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Personal factors associated with carpal tunnel syndrome (CTS): a case-control study
BMC Musculoskeletal Disorders volume 22, Article number: 1050 (2021)
Carpal tunnel syndrome (CTS) is one of the most common nerve entrapments in the upper limb. In Saudi Arabia, few studies have investigated CTS in the general population. This study aimed to determine the association between personal factors and CTS.
A case-control study involved adults aged 18 and above. Cases were recruited from electrophysiology lab records as consecutive case series, while controls were individuals who were free of CTS symptoms according to the Boston Carpal Tunnel Questionnaire (BCTQ). The electronic medical records of participants were reviewed to obtain age, height, weight, medical conditions, and mobile numbers. Cases and controls were contacted via phone to complete a questionnaire that was designed based on previous literature. We used multivariate binary logistic regression to identify the personal factors significantly associated with CTS.
A total of 95 cases and 190 controls were included. Most of the participants were female (84.2%) and Saudi (93%). Most of cases were above 45 years of age (73.7%), while 84.7% were 45 year – old or younger among the control group. Stratified logistic regression showed that performance of household chores was significantly associated with CTS. While physical exercise associated with decreased odds of CTS.
This study adds to the body of evidence on personal factors associated with CTS. However, the degree of differences in the age structure of the cases compared with the controls suggest that there is a considerable potential for residual confounding affecting the results.
Trial registration number
Carpal tunnel syndrome (CTS) is defined as “a symptomatic compression neuropathy of the median nerve at the level of the wrist” . CTS is one of the most common entrapment neuropathies affecting the upper limb and carries a significant impact on work and daily activities . It is characterized by the presence of sensory symptoms in the form of paraesthesia, dysaesthesia, with or without pain with subsequent loss of sensation and weakness affecting area innervated by median nerve .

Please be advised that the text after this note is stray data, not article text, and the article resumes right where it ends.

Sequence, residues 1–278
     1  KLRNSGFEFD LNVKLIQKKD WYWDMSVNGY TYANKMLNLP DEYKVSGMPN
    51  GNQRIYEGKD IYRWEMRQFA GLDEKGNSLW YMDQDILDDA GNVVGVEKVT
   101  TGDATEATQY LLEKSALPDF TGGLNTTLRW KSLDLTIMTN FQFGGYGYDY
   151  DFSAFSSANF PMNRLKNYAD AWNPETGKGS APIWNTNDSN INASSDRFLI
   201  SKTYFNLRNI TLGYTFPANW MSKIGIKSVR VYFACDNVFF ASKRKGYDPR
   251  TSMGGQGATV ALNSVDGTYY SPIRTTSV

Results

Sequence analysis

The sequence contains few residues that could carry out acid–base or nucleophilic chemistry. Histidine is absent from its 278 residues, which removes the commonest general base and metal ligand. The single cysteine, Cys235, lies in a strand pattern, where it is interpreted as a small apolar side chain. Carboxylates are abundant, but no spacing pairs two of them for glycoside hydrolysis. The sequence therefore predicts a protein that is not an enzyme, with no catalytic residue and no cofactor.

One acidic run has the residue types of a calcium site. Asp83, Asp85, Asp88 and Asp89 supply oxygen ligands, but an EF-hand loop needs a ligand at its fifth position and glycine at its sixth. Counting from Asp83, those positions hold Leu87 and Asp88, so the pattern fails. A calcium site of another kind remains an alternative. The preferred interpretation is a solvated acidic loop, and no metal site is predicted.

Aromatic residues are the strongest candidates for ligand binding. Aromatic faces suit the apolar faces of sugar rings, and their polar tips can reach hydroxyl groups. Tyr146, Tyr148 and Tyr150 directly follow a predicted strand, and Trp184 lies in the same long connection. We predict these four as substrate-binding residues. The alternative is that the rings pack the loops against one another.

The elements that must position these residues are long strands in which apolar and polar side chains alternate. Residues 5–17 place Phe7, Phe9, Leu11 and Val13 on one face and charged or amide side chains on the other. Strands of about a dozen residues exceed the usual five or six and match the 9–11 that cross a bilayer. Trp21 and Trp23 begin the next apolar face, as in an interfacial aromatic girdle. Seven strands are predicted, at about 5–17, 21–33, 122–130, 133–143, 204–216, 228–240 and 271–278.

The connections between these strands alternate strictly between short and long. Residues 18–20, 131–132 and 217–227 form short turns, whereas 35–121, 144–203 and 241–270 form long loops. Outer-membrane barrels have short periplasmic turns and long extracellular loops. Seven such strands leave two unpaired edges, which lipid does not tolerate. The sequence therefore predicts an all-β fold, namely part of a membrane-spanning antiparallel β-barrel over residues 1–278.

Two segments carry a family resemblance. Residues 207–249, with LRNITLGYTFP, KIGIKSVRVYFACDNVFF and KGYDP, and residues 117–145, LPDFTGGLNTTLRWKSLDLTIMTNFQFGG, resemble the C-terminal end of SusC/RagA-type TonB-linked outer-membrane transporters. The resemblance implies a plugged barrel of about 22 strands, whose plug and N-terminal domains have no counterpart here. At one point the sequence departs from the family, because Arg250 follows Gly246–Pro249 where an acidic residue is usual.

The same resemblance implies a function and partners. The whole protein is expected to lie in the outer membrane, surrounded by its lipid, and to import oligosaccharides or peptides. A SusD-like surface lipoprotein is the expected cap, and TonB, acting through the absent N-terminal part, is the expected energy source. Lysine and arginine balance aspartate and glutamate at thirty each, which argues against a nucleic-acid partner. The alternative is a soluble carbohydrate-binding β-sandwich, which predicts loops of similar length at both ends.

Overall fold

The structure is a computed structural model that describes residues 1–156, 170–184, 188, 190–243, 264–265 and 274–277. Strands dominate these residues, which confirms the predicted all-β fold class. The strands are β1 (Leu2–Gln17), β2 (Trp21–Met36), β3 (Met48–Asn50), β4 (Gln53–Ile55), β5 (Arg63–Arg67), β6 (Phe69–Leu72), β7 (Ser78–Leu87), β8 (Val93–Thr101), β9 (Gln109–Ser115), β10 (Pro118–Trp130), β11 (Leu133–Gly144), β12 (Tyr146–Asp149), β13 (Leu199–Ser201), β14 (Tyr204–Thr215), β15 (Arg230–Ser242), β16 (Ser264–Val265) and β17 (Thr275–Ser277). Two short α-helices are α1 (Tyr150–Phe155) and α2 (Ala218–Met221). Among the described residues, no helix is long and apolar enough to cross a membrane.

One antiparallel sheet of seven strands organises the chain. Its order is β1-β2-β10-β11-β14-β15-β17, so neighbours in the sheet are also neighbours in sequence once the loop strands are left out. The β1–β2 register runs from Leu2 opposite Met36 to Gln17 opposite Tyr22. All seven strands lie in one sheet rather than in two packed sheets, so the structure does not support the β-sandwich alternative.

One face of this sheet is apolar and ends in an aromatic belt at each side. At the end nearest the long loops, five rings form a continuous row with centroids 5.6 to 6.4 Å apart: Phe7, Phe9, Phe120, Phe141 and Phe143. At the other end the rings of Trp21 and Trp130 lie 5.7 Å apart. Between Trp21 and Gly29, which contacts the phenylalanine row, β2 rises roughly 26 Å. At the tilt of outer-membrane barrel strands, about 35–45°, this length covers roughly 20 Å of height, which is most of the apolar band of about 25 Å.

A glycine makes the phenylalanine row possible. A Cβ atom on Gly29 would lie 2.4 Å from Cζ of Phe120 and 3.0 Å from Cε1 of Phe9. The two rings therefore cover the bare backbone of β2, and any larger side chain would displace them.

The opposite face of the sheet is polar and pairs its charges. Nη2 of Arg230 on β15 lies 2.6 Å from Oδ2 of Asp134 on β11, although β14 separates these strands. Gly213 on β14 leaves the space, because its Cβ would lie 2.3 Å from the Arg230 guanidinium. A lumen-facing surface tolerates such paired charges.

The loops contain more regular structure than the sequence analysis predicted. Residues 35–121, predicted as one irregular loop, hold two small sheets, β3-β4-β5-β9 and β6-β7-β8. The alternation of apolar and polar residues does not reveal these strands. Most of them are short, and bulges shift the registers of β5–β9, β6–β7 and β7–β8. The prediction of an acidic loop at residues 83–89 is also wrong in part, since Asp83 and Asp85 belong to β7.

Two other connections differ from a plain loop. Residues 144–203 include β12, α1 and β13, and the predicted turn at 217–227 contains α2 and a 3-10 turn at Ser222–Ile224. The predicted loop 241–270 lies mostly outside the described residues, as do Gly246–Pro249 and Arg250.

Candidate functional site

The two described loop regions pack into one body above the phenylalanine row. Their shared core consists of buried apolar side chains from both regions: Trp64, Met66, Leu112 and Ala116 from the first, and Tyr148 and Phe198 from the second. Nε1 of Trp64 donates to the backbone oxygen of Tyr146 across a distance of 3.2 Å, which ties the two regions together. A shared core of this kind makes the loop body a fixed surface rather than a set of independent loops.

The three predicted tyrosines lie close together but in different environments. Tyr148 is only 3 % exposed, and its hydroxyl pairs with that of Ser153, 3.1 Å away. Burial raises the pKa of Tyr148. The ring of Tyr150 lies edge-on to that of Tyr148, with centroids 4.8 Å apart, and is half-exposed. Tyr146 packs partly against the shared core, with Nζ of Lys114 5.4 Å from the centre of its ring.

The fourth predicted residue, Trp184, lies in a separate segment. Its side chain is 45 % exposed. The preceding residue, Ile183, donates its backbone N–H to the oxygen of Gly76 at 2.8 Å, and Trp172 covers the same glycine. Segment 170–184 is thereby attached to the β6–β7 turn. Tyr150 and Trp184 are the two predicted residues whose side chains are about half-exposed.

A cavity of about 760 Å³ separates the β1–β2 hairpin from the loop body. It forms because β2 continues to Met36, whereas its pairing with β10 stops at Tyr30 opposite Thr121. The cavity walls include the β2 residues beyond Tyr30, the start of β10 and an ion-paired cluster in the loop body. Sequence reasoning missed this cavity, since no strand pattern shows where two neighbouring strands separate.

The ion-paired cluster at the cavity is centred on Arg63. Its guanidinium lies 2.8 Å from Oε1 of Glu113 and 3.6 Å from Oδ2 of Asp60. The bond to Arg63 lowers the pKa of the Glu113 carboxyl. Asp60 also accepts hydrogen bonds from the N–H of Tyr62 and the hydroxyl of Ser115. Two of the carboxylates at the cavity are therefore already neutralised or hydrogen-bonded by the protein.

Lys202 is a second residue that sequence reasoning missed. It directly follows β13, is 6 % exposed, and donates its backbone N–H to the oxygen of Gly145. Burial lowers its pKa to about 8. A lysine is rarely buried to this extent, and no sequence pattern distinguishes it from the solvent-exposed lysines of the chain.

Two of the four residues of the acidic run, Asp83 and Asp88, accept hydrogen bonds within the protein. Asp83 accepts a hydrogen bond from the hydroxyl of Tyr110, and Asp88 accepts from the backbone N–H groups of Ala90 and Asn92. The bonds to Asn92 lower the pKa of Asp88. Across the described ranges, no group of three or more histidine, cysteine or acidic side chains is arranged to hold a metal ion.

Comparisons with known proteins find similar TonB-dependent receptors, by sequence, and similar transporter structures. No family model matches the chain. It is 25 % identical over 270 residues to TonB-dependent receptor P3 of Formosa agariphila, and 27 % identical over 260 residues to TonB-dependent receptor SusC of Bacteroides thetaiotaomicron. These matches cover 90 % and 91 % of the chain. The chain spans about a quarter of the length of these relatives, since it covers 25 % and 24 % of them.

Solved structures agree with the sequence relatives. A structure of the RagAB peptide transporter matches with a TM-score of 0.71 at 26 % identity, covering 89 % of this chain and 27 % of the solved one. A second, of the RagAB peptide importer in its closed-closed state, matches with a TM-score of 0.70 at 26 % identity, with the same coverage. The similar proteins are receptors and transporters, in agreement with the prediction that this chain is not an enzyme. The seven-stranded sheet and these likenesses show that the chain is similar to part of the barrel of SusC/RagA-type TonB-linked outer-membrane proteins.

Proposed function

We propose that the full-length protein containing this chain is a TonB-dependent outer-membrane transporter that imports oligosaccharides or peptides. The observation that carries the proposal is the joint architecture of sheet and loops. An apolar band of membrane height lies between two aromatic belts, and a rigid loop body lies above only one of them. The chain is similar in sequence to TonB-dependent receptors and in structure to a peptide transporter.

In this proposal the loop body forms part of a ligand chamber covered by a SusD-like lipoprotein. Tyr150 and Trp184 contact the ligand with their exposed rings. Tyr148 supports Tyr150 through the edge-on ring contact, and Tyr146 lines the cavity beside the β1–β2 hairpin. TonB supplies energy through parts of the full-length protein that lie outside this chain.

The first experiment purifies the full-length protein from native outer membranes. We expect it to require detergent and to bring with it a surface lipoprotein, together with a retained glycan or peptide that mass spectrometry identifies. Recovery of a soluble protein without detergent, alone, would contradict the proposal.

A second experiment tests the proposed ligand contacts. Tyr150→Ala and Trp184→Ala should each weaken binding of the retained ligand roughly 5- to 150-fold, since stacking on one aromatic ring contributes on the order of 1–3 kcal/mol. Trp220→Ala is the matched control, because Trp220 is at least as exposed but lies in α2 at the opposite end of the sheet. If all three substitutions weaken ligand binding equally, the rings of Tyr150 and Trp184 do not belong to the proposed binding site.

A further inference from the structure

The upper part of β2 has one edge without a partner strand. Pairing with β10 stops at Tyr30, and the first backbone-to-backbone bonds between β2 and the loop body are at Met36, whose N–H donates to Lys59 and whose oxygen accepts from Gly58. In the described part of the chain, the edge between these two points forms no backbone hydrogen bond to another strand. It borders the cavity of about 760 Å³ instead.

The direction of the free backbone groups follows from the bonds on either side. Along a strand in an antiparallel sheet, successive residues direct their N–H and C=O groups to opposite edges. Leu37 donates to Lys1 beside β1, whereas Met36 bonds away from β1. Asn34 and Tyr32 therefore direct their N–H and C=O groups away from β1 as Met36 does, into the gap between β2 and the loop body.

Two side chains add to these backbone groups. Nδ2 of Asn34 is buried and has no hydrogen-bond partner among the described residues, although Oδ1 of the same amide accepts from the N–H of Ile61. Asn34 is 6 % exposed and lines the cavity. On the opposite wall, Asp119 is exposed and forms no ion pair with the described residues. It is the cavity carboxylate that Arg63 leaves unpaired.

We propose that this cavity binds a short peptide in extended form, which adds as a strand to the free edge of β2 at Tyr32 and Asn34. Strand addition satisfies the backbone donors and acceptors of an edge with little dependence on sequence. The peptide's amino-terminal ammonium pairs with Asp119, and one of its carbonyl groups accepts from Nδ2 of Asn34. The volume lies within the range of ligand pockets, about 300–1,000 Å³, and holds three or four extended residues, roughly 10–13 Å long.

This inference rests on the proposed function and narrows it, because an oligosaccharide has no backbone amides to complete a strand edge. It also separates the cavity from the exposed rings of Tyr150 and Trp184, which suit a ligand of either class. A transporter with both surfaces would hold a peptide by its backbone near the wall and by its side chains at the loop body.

Its prevalence varies widely in the literature; it is believed that the overall prevalence of CTS is 8.0% in the general population , particularly adults between the ages of 40-60 years . Moreover, females have a two- to three-fold increased risk compared to males, especially around the time of menopause [6, 7].
The pathophysiology of CTS remains a debatable issue, with many theories behind its development. However, three theories were consistently presented in the literature: compression from adjacent structures, elevated carpal tunnel pressure, and nerve ischaemia [8, 9]. Furthermore, CTS is multifactorial and often caused by multiple patient-specific, social, medical, occupational, and environmental risk factors . Several studies have suggested CTS has a significant occupational relationship , especially with high-risk jobs that involve manual forceful exertion, repetitive hand movements, hand–arm transmitted vibration, and bending/twisting of the wrists [12, 13]. However, in the absence of high-risk occupations, other nonoccupational factors may predominate, for instance obesity, thyroid disease, diabetes mellitus (DM), pregnancy, renal failure, rheumatoid arthritis (RA), alcoholism, primary amyloidosis, and drug toxicity [14 – 15]. In some cases, two or more of these risk factors may coexist, placing the individual at higher risk of developing CTS [16, 17]. Moreover, several recent studies have found that psychosocial factors such as psychological problems, low job satisfaction and low socioeconomic status are inconsistently associated with CTS [18, 19].
Although few studies have been carried out on CTS in Saudi Arabia, only a few studies have investigated demographic and medical variables related to CTS in the general population [20, 21]. Others have explored the impact of occupation on CTS [22, 23]. However, most of these local studies were of cross-sectional design, which is considered a major limitation. Thus, this case-control study aimed to determine the association between CTS and personal risk factors related to sociodemographic, medical, and daily habits.
Study design, setting and participants
We conducted an unmatched case-control study at a single university teaching hospital in Riyadh, Saudi Arabia, from February 2019 – April 2020. In 2018, approximately 494,034 patients visited outpatient clinics, with an average of 190 patients confirmed with CTS as per the Neurophysiology lab registry.
Cases were recruited from electrophysiology lab records as consecutive case series. Controls were recruited from outpatient clinics with convenient sampling techniques. We targeted cases within a year of receiving a confirmed diagnosis of CTS using NCS. Recruitment of cases and controls started in April 2019 – April 2020, and during this time, every individual who met the inclusion criteria and agreed to participate was included until we reached our target sample size.